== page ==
Thursday January 5, 2012


Learn To Play The Ukulele

Train's Soul Sister and Mraz's I'm Yours show the instrument is alive and well in pop music

Released by Graham Yates, CAM


dult learners continue to be captivated by the recent craze over the ukulele. Once thought of as the disposable, silly instrument from music class in childhood, the "uke" has become a stepping stone for people looking to finally take up music for fun. Not only is it an easy and versatile instrument to learn, but it is also nearly impossible to play - well or poorly - without bursting into smiles and laughter.


Professionals, too, have been picking up the ukulele to add a folksy element of heart to their sound. Last year, Eddie Vedder released an all-ukulele album. Then there's the ever popular uke version of "Over the Rainbow" featured on Glee last season. CBC Radio recently did a segment on "Ruby's Ukes," a music studio in Vancouver, and the therapeutic qualities of learning the ukulele.

Last summer, the Chilliwack Academy of Music launched a ukulele program for adults called Uke Club. The idea was to encourage families to learn music together by spending one evening a week in a ukulele class. "We decided to run it as a drop-in class," says Academy Principal Graham Yates. "We had no idea if it would run or be a complete failure. It was a risk." But the class was a hit, not with families, but with groups of adult friends and couples.


"One night we packed 26 people into a small classroom," Yates continues. "That's when I knew we'd hit on something good, something worth nurturing."



Several of the participants bought their own instruments during the course of the series of classes (they had previously borrowed from the Academy's stock) and showed them off proudly to their fellow students. Many were sorry when the classes ended and wanted to know what was next. One participant even signed up for private ukulele lessons last fall, the Academy's first and so far only student devoted to that instrument.

As a result of the summer program, the Academy now offers beginning ukulele group classes periodically throughout the year in two levels: four weeks of Level 1 lead into four more weeks of Level 2. But after eight weeks - then what? The solution: "Uke Club 3.0" a self-directed weekly gathering of ukulele enthusiasts that will test run this month.

"Uke Club 3.0 is different from any class we've offered. We've chosen to take it out of the classroom and into the coffee shop to help establish the right atmosphere," Yates explains.


The "class" will meet Wednesdays at 7 pm in the meeting room at Decades Coffee Club. The first meeting is January 11, but if you miss it, don't worry.


Participants can buy punch cards so that they can drop in whenever it is convenient for them, rather than have to pay a tuition fee and risk losing out if they can't make every class.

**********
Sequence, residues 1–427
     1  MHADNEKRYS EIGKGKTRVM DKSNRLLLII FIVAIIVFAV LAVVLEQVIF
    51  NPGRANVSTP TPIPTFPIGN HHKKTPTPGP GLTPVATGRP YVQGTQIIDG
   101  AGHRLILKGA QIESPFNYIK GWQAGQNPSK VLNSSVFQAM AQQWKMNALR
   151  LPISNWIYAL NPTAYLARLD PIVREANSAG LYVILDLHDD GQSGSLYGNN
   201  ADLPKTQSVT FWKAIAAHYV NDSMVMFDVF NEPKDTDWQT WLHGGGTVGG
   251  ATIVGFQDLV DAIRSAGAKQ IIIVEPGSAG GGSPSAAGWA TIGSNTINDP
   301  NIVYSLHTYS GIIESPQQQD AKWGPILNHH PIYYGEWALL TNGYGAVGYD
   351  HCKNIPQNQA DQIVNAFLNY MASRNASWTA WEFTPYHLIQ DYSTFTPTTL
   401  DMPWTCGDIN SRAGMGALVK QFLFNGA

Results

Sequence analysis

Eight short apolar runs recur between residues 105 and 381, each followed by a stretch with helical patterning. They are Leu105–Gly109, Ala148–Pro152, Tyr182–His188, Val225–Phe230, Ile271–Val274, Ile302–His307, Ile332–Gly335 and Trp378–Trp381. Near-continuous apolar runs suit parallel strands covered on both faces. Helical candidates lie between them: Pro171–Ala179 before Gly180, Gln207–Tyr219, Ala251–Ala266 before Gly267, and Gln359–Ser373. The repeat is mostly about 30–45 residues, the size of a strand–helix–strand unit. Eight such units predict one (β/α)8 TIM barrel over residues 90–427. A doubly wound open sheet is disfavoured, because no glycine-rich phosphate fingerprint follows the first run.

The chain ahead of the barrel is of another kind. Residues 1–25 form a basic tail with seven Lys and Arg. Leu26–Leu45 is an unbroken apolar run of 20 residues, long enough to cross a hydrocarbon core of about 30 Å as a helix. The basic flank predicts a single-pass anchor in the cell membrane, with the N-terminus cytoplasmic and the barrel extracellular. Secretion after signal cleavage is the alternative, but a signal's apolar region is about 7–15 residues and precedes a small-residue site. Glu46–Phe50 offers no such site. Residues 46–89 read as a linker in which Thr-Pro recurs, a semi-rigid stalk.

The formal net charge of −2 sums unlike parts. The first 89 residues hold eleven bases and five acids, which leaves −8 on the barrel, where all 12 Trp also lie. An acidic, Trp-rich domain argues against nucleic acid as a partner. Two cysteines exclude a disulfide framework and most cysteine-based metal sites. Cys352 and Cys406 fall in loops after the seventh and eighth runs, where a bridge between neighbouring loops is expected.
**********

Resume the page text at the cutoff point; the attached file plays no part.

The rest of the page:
It's also not the kind of class where learning progresses in a straight line. It's an example of group learning: you can pick up a tip from someone who's more advanced, and share one with someone who's still a beginner.


"We've also kept the cost low $30 for 6 classes to encourage commitment, cover the rent, but keep it affordable," said Yates.

Rod Swanson, who teaches the classroom version of Uke Club and compiled the "official" Uke Club Songbook, may drop by from time to time as a mentor. But the idea is that people who are at least a little bit competent on the instrument (either through their own experience or by taking Uke Club Levels 1 and 2) will set the pace.


"Maybe one week someone will bring in a chord chart they'd like to share and someone else will teach a strumming pattern they picked up on You Tube. People can also work on perfecting the songs they began learning in the Levels and start adding to the official Uke Club repertoire."


Ultimately, Yates says, he'd like to form out of Uke Club a thriving ukulele band in Chilliwack that can give performances and continue to attract adults who struggled with music lessons in the past or never had time to learn.

"Making music is such a gift. You might think you're giving it to yourself, but then realize you are actually giving to others. You don't have to be a guitar-type person to pick up the ukulele, either. I'm a classical pianist, and I've become quite fanatic about this class and about the uke I bought last summer."


He has taken ukulele hero Jake Shimabukuro's quote to heart: "If everyone played the ukulele, the world would be a better place."

More information about ukulele programs, Uke Club Levels and Uke Club 3.0 are available at the Chilliwack Academy of Music registration desk in the Cultural Centre, by calling 604-792-0790 or by visiting




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